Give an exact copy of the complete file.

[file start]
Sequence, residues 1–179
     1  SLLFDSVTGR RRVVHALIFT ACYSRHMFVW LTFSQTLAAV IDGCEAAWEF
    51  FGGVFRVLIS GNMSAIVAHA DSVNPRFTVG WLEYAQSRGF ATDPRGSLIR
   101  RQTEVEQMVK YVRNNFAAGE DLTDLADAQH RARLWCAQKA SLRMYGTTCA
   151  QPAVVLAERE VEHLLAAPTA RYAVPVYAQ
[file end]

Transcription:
Sequence, residues 1–179
     1  SLLFDSVTGR RRVVHALIFT ACYSRHMFVW LTFSQTLAAV IDGCEAAWEF
    51  FGGVFRVLIS GNMSAIVAHA DSVNPRFTVG WLEYAQSRGF ATDPRGSLIR
   101  RQTEVEQMVK YVRNNFAAGE DLTDLADAQH RARLWCAQKA SLRMYGTTCA
   151  QPAVVLAERE VEHLLAAPTA RYAVPVYAQ